Community solar can also significantly decrease your electricity bill. When you join a project, the corresponding value of the power generated by the project is deducted from your bill. If you consume more than the assigned value, you’re only charged for the electricity you consumed above that level.
2. More Jobs
The renewable energy market, which includes community solar projects, generates jobs 12 times faster than the rest of the economy. Several utilities and states are also setting completely clean energy goals. Their actions create new demand for workers to build solar panels. In 2018 alone, the United States increased clean energy jobs by 110,000, outnumbering jobs generated from fossil fuel plants by approximately three to one.
3. Access to the Masses
Less than 50% of community solar projects in the U.S. have participation from low-income households. Of the projects that involve lower-income households, only approximately 5% involve a sizable share (over 10% share) according to a recent survey. However, states, non-profit organizations, and experts have been working hard to change those statistics.
Twelve states and the District of Columbia are developing or have developed various mandates, programs, and financial incentives to make it easier for low-income households to access community solar projects. As a result, solar energy is becoming more accessible to the masses.
By allowing individuals and small-to-medium-sized enterprises to purchase a part of a local solar farm, many people reap the benefits of solar energy without having to install costly solar panels themselves. Community solar projects also allow those without suitable rooftops for generation to get access to solar energy. These projects make clean energy accessible to all, one step at a time.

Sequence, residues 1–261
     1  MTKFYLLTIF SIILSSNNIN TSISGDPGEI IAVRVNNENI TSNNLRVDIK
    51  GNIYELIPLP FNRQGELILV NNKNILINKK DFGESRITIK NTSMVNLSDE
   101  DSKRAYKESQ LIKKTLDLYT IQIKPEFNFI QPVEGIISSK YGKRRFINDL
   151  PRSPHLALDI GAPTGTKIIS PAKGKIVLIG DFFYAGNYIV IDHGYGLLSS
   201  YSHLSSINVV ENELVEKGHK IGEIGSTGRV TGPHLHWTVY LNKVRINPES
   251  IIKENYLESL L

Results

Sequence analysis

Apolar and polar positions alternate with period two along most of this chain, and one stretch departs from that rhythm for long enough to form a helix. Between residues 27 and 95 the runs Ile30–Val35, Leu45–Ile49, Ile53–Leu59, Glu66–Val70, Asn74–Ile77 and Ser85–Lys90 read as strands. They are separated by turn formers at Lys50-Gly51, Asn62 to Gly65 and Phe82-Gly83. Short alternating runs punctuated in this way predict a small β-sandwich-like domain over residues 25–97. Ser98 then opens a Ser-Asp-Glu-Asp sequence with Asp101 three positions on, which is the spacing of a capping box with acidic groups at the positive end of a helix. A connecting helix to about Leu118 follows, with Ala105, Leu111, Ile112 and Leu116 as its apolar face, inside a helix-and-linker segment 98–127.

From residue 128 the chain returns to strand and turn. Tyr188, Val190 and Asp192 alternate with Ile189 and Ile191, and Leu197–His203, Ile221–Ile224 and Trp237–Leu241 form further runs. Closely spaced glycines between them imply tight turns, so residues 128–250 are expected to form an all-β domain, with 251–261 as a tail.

4. Local Resiliency
Another reason why people should choose community solar is local resiliency. There are three key features that make local solar projects assets for increasing community resilience.
First, solar energy can be distributed, not centralized. Pairing solar energy with microgrids or storage facilities can reduce communities’ dependence on the regular grid in times of disasters such as storms, earthquakes, and hurricanes.
Second, solar energy can be stored and distributed without the need for conventional fuel delivery systems. Unlike conventional generators ― the most popular source of backup power ― subscribers to community solar can continue getting power through the night.
And third, the projects generate tax credits, which can be used for the development of a community or town. Communities can even sponsor more solar projects if they generate enough tax credits.
5. Financial Incentives for Communities
Solar energy generation is becoming more popular. With this comes the tax payments generated by communities. These payments can then be used to fund developments for a community or town. Installing community solar farms also allows towns to decrease their expensive electricity bills by generating their own electricity. By exporting less of their electricity payments to out-of-state companies, towns can also locally keep those funds.
6. Flexibility for Renters
Since mobility in the United States is common, community solar programs give renters the chance to choose clean energy. Renters usually need permission from their landlords for a new subscription or the installation of solar panels. Fortunately, joining local solar projects does not require the permission of landlords.
If you want to be a part of a local solar farm near your rental home, you do not have to check in with your landlord beforehand. You can start saving money right away. Some local communities even offer you solar energy simply because you are a member. Various community solar programs also allow renters to cancel their subscriptions anytime, taking away the hassle of doing tedious paperwork.